We’ve seen several white papers come out recently that are written for an enterprise end customer audience with advice on what they should do with quantum computing. Not surprisingly, the advice they all provide is quite similar and it boils down to something like this:
Quantum computers are likely to become powerful enough within the next 2-5 years that they will be able to process real world problems that were hitherto not possible with standard computers. This capability will allow enterprise to either develop new products, optimize costs, or increase rates of returns in ways that provide a quantum advantage. Early adopters who take advantage this technology will enjoy a competitive advantage over competitors who do not.
However, it is not easy to program a quantum computer because you can’t just recompile a classical computer program and see performance improvements by running it on a quantum computer. Quantum computing requires completely new algorithms and it takes a lot of training and practice for an engineer or researcher to create a quantum program. Therefore, it is recommended that enterprises choose a few key R&D folks and have them start learning quantum computing during this quantum ready period. That way, when the powerful quantum computers become available in a few years, your organization will be able to get a quick start and enjoy the advantages of being an early adopter.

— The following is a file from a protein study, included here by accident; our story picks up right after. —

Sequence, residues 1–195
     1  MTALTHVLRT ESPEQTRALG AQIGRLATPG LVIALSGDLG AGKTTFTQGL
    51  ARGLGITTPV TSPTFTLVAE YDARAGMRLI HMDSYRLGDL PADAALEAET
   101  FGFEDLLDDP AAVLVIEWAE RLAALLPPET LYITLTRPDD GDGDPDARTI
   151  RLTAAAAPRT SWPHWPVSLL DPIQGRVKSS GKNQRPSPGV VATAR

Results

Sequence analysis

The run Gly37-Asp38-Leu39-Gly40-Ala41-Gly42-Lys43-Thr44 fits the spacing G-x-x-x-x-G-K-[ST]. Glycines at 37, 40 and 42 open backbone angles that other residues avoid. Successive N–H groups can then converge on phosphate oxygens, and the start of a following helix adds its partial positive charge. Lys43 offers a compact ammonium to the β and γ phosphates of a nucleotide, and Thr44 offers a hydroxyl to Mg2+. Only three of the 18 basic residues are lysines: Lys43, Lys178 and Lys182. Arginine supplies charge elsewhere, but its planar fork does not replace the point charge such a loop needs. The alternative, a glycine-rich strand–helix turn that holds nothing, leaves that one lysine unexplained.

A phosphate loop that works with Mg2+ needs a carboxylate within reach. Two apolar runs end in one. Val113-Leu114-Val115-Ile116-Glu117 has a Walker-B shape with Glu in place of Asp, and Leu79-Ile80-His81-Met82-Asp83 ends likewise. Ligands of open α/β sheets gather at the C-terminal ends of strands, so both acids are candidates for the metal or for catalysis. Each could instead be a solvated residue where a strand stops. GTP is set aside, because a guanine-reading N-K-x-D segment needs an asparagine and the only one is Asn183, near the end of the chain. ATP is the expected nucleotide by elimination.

Not surprisingly, many of the organizations that write these white papers also provide consulting services to help enterprises move down this path, which is why they wrote the white papers in the first place. We’ve certainly seen a few enterprises start implementing this strategy, for example, Ford, JP Morgan Chase, Airbus, and Volkswagen and we expect many more in the near future.
For more information, we are listing a library of various white papers with links that provide the thoughts of each of the groups authoring the white papers.
Gartner: The CIO’s Guide to Quantum Computing